Saturday, the Sarasota Herald Tribune ran an article written by Doug Sword regarding decreased property values with increased taxes for full-time Florida residents.
The article read:
“Last year’s decline will cut total taxes paid by property owners in the region by more than $100 million, but will also cut deeper into the budgets of struggling local governments. And while property taxes are based on property values, for many homeowners these historic declines will not translate into tax cuts. Instead, when tax bills go out in November some homeowners will get hit with a double whammy — a tax increase despite a drop in the value of their property.
That seeming contradiction is due to the Save Our Homes exemption, which was intended to keep the taxes of full-time residents down by capping the amount they could increase each year.
But the biggest tax reforms were not the result of anything done in Tallahassee. Instead, they were meted out by the market, which in the last two years erased 75 percent of the Save Our Homes benefit once enjoyed by residents in Sarasota, Manatee and Charlotte counties. And now, because of Save Our Homes, non-residents are getting the big tax cuts while residents are seeing increases, although usually small ones.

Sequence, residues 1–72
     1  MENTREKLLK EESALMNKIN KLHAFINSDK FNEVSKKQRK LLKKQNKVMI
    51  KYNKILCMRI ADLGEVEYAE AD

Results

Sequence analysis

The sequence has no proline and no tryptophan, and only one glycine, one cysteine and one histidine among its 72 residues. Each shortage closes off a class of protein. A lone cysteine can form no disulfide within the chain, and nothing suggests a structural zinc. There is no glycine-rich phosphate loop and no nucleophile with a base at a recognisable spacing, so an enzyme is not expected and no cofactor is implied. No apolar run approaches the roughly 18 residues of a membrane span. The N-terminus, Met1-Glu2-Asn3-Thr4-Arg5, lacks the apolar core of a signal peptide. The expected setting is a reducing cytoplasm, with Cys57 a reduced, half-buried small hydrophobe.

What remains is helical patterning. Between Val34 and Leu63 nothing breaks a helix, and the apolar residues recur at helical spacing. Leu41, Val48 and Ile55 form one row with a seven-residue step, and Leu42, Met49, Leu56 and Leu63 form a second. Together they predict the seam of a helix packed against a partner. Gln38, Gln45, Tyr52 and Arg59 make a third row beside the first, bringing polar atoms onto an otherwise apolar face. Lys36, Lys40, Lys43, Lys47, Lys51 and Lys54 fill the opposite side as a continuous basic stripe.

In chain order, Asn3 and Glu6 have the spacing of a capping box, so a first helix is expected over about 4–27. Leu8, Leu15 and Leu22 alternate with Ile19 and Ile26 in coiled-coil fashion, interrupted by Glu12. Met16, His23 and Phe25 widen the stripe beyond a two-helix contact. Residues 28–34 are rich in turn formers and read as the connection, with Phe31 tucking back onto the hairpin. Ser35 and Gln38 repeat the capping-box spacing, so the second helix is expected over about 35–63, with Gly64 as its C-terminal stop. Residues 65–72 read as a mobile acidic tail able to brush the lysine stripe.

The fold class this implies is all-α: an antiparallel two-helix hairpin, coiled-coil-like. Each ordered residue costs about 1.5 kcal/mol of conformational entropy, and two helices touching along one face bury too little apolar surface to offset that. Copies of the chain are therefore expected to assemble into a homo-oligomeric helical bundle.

The benefit for full-time residents came into being in 1995 after Florida voters approved a change in the Constitution. Save Our Homes caps how quickly the assessed value of a home can grow, limiting it to 3 percent or less even during years when property values and tax bills soared by 20 percent or more. Because of the cap, it became common to see homes with a market value of $300,000 assessed for tax purposes at $150,000 or less. That led to situations where identical homes owned by neighbors were taxed at very different levels.
But as the market dropped, the Save Our Homes benefit has dropped 75 percent, to $7 billion, in the last three years. Meanwhile, part-time residents have seen their tax bills go down.”
For more information regarding the “Save Our Home” legislation, please contact our office.
To view the full article, visit http://www.heraldtribune.com/article/20090704/ARTICLE/907041045
Posted By Karen Gagliardi, Berlin Law Firm, Business Development Coordinator.